The Architecture of Dunkirk: Land, Sea, and Air

We’ve previously made our arguments for why we think Christopher Nolan is one of the most architectural directors of our time. In his career, he has shown an inherent interest in architecture as a whole (from his portrait of Chicago as Gotham to the works of M.C. Escher playing a major role in Inception).

The past few films have seen him go bigger, bigger, bigger; and while his previous film, Interstellar (2014), was set in space, he comes back down to Earth (quite literally), in his latest effort, Dunkirk (2017), wherein he deals with the notion of cinematic space in new ways.

Dunkirk is broken down into three parts: land, sea, and air. The film’s narrative takes us back and forth through these three “spaces,” all of which revolve around the World War II Dunkirk evacuation.

We open on the backs of several British soldiers on the streets of Dunkirk, as they come under fire from unseen German forces. We follow one young British private in particular, Tommy (Fionn Whitehead), as he’s chased off the streets and onto the beaches of Dunkirk. Christopher Nolan plays with off-screen space here, never showing us the enemy, and suggesting that the threat can be much more fearful if you never actual see it, much like the shark in Steven Spielberg’s Jaws (1975).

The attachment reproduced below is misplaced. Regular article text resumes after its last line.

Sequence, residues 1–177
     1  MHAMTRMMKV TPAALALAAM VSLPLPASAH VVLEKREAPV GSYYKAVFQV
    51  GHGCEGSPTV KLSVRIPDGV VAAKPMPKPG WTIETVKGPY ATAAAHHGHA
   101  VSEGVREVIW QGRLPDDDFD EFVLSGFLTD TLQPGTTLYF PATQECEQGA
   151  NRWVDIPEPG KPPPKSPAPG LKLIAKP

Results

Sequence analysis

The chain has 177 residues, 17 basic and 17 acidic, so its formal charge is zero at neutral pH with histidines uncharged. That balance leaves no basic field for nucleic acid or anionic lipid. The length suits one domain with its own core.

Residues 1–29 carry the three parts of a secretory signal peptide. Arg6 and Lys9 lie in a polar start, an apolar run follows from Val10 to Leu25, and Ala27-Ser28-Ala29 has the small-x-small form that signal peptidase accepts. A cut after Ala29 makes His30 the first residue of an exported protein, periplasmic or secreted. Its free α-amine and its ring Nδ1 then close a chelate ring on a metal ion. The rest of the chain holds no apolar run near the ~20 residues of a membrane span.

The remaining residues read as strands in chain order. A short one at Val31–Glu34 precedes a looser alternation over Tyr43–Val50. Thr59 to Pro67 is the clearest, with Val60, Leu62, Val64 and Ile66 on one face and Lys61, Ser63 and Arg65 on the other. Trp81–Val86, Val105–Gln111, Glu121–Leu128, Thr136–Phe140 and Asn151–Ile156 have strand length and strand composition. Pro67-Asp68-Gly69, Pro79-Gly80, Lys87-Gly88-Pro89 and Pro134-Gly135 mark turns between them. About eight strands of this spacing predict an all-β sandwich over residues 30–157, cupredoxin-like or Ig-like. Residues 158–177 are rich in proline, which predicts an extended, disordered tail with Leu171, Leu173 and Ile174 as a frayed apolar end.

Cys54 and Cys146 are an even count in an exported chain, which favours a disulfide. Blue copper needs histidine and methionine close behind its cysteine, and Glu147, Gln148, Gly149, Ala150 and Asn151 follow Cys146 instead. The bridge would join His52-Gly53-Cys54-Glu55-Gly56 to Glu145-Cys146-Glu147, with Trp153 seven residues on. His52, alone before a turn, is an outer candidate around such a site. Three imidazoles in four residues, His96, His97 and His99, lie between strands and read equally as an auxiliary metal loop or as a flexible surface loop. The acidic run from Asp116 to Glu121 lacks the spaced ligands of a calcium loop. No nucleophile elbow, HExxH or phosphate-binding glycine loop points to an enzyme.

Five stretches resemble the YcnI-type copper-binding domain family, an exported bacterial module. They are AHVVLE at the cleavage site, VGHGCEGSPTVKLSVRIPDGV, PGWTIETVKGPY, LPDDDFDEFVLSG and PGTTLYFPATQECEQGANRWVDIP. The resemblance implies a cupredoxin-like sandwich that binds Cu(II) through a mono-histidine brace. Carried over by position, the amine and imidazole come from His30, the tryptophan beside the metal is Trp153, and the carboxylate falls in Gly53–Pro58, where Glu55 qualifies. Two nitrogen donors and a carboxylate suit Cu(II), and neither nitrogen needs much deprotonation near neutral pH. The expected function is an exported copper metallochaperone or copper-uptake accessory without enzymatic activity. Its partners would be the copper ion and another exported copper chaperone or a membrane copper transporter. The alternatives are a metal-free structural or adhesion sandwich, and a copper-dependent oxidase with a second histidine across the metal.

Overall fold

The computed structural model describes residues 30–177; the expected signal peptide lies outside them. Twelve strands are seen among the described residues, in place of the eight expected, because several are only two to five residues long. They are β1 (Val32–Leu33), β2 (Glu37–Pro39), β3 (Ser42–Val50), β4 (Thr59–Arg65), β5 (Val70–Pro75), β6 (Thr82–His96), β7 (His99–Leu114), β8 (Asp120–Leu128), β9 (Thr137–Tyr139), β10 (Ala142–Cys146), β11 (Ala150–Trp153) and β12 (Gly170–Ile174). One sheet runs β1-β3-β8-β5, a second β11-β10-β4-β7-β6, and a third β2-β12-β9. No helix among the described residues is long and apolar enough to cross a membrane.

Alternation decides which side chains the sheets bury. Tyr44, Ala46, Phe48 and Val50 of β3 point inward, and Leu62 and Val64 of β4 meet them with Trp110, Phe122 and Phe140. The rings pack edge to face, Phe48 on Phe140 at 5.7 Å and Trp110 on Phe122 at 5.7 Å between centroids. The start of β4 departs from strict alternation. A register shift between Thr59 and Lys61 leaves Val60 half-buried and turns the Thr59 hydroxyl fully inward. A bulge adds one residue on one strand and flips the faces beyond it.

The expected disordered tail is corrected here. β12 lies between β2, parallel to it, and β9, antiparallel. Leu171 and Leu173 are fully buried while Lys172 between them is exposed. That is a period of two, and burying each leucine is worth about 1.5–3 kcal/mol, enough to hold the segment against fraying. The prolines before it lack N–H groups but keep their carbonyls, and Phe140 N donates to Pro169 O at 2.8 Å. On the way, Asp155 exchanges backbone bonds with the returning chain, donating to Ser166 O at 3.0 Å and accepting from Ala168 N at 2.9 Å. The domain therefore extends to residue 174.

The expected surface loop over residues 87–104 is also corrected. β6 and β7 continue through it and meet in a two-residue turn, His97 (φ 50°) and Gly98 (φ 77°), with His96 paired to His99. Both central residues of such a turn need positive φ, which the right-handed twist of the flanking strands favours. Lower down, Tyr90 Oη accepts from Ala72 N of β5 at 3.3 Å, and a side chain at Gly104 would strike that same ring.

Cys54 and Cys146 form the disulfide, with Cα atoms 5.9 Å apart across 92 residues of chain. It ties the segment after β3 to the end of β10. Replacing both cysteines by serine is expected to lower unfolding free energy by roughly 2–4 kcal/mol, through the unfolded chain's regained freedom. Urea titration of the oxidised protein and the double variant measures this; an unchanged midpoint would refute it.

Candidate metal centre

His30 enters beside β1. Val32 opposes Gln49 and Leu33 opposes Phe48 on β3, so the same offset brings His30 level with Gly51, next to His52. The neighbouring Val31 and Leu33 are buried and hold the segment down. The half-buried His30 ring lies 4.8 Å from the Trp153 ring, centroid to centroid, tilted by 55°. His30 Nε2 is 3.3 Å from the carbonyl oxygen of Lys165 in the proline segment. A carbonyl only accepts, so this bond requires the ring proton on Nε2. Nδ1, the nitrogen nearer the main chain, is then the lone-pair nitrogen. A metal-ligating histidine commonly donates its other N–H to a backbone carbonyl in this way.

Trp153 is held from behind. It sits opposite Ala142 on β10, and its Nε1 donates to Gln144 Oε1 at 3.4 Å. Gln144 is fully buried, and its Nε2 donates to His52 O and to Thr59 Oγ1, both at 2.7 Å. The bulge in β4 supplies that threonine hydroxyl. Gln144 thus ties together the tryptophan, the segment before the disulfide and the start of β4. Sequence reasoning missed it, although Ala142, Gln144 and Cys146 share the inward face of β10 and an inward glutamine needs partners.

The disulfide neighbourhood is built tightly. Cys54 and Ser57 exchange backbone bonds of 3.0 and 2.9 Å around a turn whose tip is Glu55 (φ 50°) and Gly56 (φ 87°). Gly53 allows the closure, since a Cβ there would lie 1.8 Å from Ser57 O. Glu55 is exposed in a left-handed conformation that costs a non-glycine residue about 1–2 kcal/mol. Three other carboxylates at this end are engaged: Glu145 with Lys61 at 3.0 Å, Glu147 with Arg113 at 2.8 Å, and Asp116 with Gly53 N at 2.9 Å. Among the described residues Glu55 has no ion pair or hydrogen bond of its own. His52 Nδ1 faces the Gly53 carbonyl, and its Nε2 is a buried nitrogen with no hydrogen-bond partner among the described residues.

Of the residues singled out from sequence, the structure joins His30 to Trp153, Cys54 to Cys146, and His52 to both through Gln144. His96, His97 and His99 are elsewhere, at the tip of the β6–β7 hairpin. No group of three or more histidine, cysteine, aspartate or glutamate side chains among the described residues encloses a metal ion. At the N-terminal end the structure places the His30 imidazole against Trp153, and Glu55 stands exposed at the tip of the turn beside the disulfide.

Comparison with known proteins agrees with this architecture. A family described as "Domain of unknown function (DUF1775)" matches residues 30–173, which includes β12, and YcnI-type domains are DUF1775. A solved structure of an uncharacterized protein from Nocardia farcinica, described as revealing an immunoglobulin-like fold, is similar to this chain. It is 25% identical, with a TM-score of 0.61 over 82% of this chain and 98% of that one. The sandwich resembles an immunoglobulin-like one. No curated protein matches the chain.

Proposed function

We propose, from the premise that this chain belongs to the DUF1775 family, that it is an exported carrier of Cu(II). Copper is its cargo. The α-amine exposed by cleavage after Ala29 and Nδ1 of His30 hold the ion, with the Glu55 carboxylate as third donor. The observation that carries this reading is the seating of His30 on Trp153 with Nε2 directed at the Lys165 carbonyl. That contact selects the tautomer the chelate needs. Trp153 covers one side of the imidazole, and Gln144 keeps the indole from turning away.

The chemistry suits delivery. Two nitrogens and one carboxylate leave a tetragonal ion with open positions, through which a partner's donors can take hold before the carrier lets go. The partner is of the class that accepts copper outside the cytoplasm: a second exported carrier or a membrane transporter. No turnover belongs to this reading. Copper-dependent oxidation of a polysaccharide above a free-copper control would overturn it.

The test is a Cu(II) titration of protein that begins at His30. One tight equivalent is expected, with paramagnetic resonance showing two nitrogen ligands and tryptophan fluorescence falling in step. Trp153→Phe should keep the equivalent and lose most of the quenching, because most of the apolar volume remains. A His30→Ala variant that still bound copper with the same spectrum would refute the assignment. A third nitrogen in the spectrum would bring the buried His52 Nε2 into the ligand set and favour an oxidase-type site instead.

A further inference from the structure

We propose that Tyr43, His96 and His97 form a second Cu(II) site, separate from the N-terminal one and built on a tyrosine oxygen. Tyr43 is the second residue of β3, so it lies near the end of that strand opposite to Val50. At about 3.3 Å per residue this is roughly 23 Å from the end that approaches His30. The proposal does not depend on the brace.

Dunkirk is a race against time (rescuing the stranded soldiers), as Christopher Nolan cuts between land, see, and air, playing with the concept of time.


Dunkirk was shot on location on the beaches and harbor of Dunkirk, in the north of France. The first part of the narrative concerns itself with soldiers stranded in Dunkirk, who attempt to make their way off the land. In this sense, this portion of the film deals with escaping the space.



The second portion of the film deals with the sea, and while the Royal Navy prevents private boats from participating in the evacuation, Mr. Dawson (Mark Rylance) navigates his civilian ship (Moonstone) without permission from Ramsgate in England, with his son Peter (Tom Glynn-Carney) and George (Barry Keoghan). This small 43-foot long motor yacht, built in the 1930s, becomes a primary setting for the film, as the narrative makes use of every corner of the ship. In terms of space, it’s interesting to see that Mr. Dawson uses the Moonstone to rescue sixty soldiers, while the ship was originally designed for fewer than ten passengers.



We also follow the narrative into the sky, focusing on Farrier (Tom Hardy), a Royal Air Force pilot that mans a Supermarine Spitfire. The production outfitted a Soviet-era Yakovlev Yak-52, which was roughly the same size and shape of a Spitfire. Christopher Nolan once again uses space in noteworthy ways. The original plane had two cockpits, which meant that the production could film in-flight. The crew designed lens mounts and filmed in the sky with the actor, resulting in a much more believable look.